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Local News

  • Superblitz to kick off Friday

    SANTA FE— New Mexico Department of Transportation Secretary Alvin C. Dominguez, New Mexico State Police Chief Robert Shilling and Santa Fe Mayor David Coss were joined today by representatives from the National Highway Traffic Safety Administration (NHTSA), and other state and local officials to kick off the state’s latest Superblitz to coincide with the national crackdown on impaired driving, themed “Drive Sober or Get Pulled Over.”
    The Superblitz will run from Aug. 19 through Labor Day, Sept. 5 and will correspond with the nationwide enforcement effort to crackdown on impaired driving and reduce roadway fatalities. The campaign will target young male drivers and motorcycle riders, who are reportedly the most common perpetrators.

  • Update 08-16-11

    DPU meeting

     The Board of Utilities will meet at 5:30 p.m. Wednesday in the Department of Utilities conference room, 170 Central Park Square.

    LANL meeting

    LANL is holding a public meeting at 5:30 tonight to discuss the Open Detonation Hazardous Waste Permit Modification at Fuller Lodge.

    Pool maintenance

    The Larry R. Walkup Aquatic Center will be closed for public swimming beginning at 7 p.m. Friday for annual pool maintenance, and will re‑open on Tuesday, September 6, 2011 at 6 a.m. 

    County council

     The Los Alamos County Council will meet at 7 p.m. Aug. 23 in council chambers for its regular meeting.

  • Lemon cupcakes entice 300-pound bear--video extra

    A massive black bear, dubbed “Cupcake” by New Mexico Game and Fish officers, was captured about 9:30 p.m. Saturday at a home in Barranca Mesa.

    Officers had lined a path with lemon cupcakes leading to a large cage on wheels they placed in the side yard of Herbert and Bunnie Newman’s canyon rim home late Friday afternoon.

    “Nothing happened the first night but the second night our neighbor, Chris Ward, called to say she heard a loud bang and thought we may have caught the bear,” Herbert said during an interview this morning.
    With flashlights in hand the neighbors ventured into the night to investigate. They shined their lights into the cage and saw Cupcake peering up at them.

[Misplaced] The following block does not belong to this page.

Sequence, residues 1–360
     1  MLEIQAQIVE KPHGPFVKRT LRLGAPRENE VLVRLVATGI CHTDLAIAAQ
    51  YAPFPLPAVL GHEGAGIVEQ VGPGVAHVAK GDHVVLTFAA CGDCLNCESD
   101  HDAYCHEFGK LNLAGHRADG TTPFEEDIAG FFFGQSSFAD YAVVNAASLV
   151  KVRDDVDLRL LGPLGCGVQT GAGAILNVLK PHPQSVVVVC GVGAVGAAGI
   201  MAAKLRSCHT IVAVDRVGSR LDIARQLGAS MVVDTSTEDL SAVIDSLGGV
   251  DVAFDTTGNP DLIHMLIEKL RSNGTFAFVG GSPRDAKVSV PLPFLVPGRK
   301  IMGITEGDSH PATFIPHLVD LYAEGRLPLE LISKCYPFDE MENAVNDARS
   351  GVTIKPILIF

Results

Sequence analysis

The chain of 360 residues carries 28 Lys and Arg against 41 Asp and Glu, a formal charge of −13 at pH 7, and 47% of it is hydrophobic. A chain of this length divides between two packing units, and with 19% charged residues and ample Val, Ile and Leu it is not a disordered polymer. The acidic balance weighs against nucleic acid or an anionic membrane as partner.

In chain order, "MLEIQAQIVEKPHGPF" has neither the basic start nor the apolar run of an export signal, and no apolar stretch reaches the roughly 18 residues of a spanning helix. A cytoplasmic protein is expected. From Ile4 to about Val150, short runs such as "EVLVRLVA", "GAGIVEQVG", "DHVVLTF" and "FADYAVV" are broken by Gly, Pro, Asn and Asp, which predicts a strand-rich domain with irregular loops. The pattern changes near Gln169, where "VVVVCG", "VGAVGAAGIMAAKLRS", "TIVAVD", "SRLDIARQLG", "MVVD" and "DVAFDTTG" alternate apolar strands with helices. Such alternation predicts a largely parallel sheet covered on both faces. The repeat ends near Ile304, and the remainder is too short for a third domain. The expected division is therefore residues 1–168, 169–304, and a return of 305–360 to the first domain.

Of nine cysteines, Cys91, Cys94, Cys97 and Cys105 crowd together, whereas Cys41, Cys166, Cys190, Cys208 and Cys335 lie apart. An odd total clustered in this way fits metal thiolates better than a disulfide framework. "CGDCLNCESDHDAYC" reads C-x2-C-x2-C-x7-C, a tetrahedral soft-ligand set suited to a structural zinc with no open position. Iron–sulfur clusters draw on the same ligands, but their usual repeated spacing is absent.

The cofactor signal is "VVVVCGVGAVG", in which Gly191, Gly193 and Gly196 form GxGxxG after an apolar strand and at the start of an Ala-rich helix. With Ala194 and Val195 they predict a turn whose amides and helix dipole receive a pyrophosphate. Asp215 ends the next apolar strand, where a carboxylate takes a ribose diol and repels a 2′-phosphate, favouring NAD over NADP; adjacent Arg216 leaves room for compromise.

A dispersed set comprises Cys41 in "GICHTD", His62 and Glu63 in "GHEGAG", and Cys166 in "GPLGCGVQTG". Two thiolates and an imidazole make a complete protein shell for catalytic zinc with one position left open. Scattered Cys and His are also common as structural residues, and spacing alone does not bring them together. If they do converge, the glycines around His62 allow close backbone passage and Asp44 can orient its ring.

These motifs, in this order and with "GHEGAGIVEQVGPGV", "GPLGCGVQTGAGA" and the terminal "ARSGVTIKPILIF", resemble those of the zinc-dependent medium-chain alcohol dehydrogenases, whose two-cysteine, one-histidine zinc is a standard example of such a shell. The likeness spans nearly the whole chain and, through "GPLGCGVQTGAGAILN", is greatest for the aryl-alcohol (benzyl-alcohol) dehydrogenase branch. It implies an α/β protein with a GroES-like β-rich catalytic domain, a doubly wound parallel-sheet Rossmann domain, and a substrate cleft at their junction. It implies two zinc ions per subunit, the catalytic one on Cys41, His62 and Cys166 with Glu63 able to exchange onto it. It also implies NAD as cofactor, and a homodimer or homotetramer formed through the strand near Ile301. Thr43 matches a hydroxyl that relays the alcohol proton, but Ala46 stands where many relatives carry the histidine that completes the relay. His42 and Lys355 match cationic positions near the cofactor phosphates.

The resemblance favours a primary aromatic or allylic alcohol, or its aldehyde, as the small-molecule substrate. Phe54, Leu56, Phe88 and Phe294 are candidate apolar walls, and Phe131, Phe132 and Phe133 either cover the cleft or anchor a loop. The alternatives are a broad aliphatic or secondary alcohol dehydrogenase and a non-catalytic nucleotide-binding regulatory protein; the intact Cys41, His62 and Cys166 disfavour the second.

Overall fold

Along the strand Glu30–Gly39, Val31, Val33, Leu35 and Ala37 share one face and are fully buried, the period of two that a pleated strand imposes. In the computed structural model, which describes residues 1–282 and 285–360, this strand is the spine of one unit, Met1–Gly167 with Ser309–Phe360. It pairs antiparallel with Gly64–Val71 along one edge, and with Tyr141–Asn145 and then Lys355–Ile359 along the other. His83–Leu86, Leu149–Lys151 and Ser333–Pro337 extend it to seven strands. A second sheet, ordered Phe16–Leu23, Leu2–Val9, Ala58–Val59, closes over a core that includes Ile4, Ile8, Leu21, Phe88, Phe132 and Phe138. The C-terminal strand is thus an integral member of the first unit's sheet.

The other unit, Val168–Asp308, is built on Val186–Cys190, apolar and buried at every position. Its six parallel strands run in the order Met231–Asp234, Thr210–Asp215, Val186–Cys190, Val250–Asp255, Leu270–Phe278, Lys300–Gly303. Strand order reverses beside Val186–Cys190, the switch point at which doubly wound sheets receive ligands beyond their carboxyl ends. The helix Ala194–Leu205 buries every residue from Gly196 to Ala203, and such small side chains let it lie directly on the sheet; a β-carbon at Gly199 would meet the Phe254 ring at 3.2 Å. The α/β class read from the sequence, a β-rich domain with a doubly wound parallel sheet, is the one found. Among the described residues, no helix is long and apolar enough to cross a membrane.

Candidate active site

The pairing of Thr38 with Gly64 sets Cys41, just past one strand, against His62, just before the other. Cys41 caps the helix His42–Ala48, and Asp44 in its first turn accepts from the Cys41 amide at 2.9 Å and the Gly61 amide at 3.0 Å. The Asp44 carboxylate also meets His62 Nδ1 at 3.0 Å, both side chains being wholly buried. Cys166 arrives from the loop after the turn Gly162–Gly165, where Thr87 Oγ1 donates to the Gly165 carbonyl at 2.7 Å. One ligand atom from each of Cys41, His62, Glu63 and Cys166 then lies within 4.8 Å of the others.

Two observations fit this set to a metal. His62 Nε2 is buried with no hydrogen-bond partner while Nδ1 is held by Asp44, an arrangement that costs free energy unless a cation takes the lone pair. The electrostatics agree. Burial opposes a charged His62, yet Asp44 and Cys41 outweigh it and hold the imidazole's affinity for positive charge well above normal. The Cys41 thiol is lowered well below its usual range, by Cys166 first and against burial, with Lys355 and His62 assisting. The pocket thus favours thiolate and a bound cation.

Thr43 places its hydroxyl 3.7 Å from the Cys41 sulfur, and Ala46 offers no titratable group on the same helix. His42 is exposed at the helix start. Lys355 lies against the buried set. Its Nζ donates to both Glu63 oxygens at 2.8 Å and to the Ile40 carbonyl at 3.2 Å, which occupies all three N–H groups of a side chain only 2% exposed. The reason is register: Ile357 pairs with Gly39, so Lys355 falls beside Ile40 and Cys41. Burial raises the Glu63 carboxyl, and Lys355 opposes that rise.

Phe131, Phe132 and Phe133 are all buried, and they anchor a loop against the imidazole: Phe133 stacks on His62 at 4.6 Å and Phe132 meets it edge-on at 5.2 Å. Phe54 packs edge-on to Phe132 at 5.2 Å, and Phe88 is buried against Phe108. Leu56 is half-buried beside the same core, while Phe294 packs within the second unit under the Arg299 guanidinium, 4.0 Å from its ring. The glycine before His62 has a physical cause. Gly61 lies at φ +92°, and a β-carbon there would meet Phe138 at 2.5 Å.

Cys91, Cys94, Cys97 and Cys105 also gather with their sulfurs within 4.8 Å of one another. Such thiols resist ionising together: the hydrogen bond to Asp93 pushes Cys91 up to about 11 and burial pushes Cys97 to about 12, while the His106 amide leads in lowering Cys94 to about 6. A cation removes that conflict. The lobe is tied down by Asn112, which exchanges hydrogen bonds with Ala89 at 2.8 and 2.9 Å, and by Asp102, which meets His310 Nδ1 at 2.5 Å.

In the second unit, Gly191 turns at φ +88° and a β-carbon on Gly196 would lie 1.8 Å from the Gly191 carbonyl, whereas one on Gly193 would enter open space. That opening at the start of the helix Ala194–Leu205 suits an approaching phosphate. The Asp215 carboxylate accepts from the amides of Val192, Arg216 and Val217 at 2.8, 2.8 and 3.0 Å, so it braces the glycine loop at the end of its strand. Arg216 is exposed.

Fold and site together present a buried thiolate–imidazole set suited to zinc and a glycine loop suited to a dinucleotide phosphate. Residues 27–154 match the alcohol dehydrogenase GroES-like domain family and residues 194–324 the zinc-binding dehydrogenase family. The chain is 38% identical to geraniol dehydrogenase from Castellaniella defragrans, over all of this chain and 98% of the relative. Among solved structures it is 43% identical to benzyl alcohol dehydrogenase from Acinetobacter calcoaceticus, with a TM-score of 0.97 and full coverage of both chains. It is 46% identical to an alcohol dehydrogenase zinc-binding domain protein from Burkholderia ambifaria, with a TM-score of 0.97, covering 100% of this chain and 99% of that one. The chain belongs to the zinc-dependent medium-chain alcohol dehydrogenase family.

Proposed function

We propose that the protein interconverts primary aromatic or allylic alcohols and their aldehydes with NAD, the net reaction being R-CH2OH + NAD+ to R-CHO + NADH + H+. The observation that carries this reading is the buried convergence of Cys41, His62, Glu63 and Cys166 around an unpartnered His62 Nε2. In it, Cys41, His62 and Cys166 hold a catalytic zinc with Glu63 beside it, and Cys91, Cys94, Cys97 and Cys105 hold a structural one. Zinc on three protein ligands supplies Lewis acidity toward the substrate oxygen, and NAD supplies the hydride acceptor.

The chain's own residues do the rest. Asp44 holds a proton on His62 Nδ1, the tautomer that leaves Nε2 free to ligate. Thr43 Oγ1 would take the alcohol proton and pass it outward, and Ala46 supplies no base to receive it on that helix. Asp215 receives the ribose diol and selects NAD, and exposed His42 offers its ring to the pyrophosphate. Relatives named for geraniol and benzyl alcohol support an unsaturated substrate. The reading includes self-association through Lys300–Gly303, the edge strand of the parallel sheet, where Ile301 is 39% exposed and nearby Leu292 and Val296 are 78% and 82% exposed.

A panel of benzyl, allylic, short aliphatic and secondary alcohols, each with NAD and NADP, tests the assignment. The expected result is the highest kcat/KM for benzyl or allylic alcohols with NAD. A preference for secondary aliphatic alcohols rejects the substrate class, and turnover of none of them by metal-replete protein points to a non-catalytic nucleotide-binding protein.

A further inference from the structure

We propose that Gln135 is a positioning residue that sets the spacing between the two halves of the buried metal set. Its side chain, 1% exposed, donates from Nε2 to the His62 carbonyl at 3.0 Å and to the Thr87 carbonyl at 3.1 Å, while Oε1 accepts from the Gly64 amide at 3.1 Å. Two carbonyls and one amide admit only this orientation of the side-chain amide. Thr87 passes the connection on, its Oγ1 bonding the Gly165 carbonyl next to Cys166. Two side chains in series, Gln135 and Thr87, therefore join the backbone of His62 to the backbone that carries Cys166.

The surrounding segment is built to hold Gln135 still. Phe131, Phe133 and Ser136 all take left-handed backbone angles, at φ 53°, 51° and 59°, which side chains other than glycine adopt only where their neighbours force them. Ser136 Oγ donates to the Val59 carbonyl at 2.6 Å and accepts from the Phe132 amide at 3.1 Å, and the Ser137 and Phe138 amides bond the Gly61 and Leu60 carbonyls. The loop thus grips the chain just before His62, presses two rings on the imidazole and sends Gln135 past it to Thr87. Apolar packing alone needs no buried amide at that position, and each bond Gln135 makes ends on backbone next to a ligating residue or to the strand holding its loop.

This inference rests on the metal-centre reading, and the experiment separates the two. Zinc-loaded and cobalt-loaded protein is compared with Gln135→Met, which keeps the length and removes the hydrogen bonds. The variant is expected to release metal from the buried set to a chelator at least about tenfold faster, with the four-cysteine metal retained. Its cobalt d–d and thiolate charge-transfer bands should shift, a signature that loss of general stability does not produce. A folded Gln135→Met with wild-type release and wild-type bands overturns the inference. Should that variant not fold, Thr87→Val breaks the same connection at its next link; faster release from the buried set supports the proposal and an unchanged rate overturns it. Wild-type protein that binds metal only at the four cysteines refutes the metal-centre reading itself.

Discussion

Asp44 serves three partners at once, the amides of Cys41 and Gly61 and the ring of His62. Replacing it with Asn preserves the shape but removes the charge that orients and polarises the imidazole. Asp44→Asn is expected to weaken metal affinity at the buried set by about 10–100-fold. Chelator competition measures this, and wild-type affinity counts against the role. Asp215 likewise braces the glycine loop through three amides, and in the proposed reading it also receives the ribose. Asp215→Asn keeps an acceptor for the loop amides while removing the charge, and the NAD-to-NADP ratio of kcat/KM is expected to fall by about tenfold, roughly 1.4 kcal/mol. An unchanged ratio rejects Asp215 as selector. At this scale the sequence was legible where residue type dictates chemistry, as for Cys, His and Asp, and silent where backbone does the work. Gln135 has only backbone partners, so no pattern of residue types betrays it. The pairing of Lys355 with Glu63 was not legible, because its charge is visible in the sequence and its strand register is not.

• Predicting the future?

    “To predict the future, we have to understand the past,” said Los Alamos National Laboratory scientist Sara Del Valle. For more on connecting social media and epidemiological research, see page 3.

  • Ceremony launches Redi-Net

    Ceremonies for the launch of the REDI-Net community broadband infrastructure were groundbreaking in more ways than one.

    Dignitaries attending from New Mexico’s congressional delegation, from three county governments, three pueblos and several other partner organizations attested to one of the most far-reaching cooperative efforts ever undertaken in Northern New Mexico.

  • Requests for public records skyrocketing

    A race against the clock begins each time someone exercises their right to inspect a public record from Los Alamos County. The Public Records Act mandates municipalities produce the document within three days.

    The problem is that while locating a document may involve one employee and just a few minutes of time – it also can mushroom to include more than 20 employees spending weeks, even months on the request.

    As local resident requests for public records have been steadily growing, that leaves some county workers scrambling to stay on top of an ever-growing mountain of documents, which need to be processed.

  • US stocks fall on global economic worries

    NEW YORK (AP) — More evidence of a slowing global economy sent stocks falling Tuesday and threatened to end the market's three-day rally.

    Germany's economy stalled last quarter. That dragged down growth for Europe. In the U.S., reports painted a mixed picture of the economy: The housing market remains weak, but factory output rose last month at its fastest pace since the March earthquake in Japan disrupted global manufacturing.

    Worries about the economy overshadowed strong profit reports from U.S. companies.

  • Authorities recover stolen Rembrandt worth $250K

    MARINA DEL REY, Calif. (AP) — It wasn't some bold theft carried out by burglars breaking into a heavily-fortified museum with high-tech alarms to swipe a masterpiece. It was a low-tech caper involving a distraction, an accomplice or two and a small sketch — an 11-by-6-inch drawing.

    What was remarkable was the signature on the artwork: Rembrandt.

  • Gunfire in Syrian coastal city; 35 dead in 4 days

    BEIRUT (AP) — Heavy machine-gun fire erupted across the besieged Syrian city of Latakia on Tuesday as the death toll rose to 35 from a military assault now in its fourth day, residents and activists said.

    President Bashar Assad has dramatically escalated the crackdown on a 5-month-old uprising since the start of the holy month of Ramadan. Despite broad condemnation, the regime is trying to retake control in rebellious areas by unleashing tanks, ground troops and snipers.

    Assad has launched military operations in the opposition stronghold of Hama, the eastern city of Deir el-Zour, the central city of Homs and now the port city of Latakia.

  • US stock futures fall on global economic worries

    NEW YORK (AP) — U.S. stock futures fell Tuesday after more evidence pointed to a slowing global economy and threatened to halt the market's three-day rally.

    Germany's economy stalled last quarter, dragging down growth for Europe. That offset strong profit reports from blue-chip U.S. companies, and it may also erase hopes that the market had finally calmed down since Standard & Poor's downgraded the U.S. credit rating less than two weeks ago.